Hundreds of thousands of pounds have been made available for the bottom of classroom doors to be chopped off in a bid to improve ventilation.
A sum of £300,000 is being set out by the Scottish Government so that around 2000 doors can be “undercut to increase air flow”.
The move is aimed at reducing the spread of coronavirus and improve air flow.
In a letter to the Scottish Parliament’s Education Committee, Shirley-Anne Somerville, the country’s education secretary, set out a number of measures in order to tackle the issue.
She told MSPs that about 2000 doors in schools and nurseries across Scotland have been deemed as having “problematic ventilation”.
The Government expects to spend around £4.3m on the measures – which also include £1.6m on air filters and £2.4m on mechanical fans.
Somerville explained the costs, to be borne by an additional £5m allocated for capital spending in schools, “will vary significantly in practice”.
“Based on informal local authority feedback, we expect that relatively only a very small number of learning, teaching or play spaces will have persistently high CO2 levels,” the education secretary’s letter states.
“Scottish Government guidance, based on the current weight of expert advice, is that the primary focus of mitigating activity should be on regular CO2 monitoring and associated remedial actions to improve ventilation (i.e. the introduction of fresh air into spaces).
“Where this cannot be readily achieved, and CO2 readings remain high, air cleaning/filtration devices may exceptionally be used as a temporary mitigation to reduce risks in problematic spaces while more sustainable, ventilation-based solutions are implemented.
“The informal local authority feedback indicated that around 2-4% of spaces have so far fallen into that problematic category, equalling around 2000 spaces out of 50,000 learning, teaching and play spaces across all local authority school and ELC settings.”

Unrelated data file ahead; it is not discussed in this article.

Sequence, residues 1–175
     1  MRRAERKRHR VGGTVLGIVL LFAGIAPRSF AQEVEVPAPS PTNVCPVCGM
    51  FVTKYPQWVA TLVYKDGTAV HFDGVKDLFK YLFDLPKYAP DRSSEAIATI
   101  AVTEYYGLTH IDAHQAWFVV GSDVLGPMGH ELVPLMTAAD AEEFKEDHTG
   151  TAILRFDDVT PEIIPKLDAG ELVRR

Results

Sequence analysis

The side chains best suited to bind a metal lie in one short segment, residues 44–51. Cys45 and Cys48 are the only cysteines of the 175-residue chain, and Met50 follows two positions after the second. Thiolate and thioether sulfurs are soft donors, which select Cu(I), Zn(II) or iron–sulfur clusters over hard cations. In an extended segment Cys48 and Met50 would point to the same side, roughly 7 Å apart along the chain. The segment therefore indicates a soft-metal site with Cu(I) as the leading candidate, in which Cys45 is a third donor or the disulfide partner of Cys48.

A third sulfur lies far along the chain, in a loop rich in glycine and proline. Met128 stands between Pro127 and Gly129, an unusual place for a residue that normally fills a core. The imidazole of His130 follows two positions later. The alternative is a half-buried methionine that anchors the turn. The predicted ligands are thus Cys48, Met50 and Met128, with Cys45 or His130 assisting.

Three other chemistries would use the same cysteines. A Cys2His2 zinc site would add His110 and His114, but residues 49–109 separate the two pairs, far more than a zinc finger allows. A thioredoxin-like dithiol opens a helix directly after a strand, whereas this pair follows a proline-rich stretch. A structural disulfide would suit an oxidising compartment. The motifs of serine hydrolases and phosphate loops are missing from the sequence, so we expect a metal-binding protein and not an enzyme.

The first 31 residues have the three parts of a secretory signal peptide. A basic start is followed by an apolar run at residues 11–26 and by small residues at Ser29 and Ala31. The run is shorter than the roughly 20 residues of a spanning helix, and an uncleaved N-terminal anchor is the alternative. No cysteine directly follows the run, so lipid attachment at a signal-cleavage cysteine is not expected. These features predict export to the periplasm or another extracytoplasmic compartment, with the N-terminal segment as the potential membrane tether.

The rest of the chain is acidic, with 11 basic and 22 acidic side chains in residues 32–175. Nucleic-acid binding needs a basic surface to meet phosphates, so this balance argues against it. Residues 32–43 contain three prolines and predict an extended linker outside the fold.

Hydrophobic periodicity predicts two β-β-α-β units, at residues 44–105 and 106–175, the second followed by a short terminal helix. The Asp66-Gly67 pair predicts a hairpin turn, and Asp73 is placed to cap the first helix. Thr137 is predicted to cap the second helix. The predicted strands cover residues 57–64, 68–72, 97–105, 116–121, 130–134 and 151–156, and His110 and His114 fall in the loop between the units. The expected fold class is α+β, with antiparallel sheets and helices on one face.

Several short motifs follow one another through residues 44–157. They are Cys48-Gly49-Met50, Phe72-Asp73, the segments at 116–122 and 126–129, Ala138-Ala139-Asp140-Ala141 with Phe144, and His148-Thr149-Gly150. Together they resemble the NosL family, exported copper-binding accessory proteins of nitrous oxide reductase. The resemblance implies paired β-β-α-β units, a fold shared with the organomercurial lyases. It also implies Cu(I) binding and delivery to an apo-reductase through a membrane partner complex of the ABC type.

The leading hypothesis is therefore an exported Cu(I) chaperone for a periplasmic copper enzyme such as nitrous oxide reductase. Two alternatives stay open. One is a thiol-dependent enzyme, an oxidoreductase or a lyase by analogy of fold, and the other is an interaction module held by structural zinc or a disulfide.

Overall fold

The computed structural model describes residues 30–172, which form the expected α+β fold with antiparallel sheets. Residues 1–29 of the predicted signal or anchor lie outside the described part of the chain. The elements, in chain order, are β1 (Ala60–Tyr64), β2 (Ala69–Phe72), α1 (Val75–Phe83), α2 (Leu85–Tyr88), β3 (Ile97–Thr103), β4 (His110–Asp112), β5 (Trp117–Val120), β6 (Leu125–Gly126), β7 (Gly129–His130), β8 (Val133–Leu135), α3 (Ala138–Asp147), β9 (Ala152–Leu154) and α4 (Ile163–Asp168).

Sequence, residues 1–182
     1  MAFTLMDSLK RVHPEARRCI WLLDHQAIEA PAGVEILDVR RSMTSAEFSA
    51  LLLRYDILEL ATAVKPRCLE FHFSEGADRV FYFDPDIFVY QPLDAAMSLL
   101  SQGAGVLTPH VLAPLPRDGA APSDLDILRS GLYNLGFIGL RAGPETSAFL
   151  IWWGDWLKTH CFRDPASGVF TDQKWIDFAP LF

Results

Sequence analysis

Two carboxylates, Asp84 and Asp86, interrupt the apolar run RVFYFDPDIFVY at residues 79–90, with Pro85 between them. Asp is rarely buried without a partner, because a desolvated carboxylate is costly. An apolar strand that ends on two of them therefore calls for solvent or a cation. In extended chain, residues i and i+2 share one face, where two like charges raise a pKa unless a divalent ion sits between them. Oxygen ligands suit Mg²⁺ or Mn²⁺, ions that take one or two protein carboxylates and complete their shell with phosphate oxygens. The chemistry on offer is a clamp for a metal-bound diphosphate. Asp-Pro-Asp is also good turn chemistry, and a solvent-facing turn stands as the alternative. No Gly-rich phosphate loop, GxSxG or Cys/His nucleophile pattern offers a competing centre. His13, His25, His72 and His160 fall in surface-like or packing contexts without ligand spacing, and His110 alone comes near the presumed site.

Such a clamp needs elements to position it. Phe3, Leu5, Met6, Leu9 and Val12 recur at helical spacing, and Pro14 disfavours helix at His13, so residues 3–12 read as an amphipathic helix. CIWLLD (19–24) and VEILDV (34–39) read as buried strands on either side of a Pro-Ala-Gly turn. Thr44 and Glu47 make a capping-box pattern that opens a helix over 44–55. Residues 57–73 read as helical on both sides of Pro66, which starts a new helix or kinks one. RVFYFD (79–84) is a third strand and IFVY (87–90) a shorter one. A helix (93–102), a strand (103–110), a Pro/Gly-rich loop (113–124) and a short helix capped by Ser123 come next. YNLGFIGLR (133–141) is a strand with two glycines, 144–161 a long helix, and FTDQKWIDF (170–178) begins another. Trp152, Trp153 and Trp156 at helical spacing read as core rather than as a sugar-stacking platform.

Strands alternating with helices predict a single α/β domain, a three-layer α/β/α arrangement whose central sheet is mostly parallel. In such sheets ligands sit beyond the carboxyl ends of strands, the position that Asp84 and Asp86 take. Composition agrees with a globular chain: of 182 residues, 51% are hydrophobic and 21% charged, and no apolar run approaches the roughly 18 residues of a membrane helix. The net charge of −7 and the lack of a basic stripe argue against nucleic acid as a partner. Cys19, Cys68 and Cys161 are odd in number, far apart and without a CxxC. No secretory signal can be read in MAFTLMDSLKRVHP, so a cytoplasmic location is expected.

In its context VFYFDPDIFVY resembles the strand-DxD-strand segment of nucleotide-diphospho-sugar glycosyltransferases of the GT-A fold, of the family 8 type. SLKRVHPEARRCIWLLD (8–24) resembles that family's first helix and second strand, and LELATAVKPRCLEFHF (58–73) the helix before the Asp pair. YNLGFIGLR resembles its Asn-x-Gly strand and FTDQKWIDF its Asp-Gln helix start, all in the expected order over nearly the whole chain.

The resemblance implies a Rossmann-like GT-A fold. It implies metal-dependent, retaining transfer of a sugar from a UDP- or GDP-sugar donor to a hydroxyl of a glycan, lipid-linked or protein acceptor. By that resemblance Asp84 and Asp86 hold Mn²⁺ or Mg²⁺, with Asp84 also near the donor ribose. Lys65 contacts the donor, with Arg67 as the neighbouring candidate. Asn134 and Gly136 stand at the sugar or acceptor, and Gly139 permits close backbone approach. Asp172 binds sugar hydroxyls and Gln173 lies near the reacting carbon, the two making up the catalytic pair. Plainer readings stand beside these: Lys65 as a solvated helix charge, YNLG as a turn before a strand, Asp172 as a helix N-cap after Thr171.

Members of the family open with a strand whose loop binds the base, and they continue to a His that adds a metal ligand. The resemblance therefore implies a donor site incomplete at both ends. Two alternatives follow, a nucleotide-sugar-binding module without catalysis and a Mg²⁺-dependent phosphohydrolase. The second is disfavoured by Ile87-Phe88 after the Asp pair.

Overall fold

Scottish Liberal Democrats education spokesman Willie Rennie called on Somerville to find “proper solutions” to the ventilation problems highlighted.
“Rather than putting an air filter in every classroom, the education secretary’s solution is sending a handyman round to chop up classroom doors,” he said.
“We are two years into the pandemic and three terms into this school year, but only now has the Scottish Government admitted there is a problem in thousands of classrooms. Yet this could only be the tip of the iceberg.
“We heard that Edinburgh Council found seven out of nine schools surveyed fell below air quality standards. The Government should publish the evidence from councils so we can judge the true scale of the problem.”
Rennie continued: “Opening windows in winter and chopping up doors is an insult to the thousands of teachers and pupils who deserve a better solution to the problems of ventilation.
“Air filters could play a long-term solution with cutting the spread of other infections and improving conditions for good learning.
“The education secretary should take ventilation more seriously and pick up the pace on finding proper solutions.”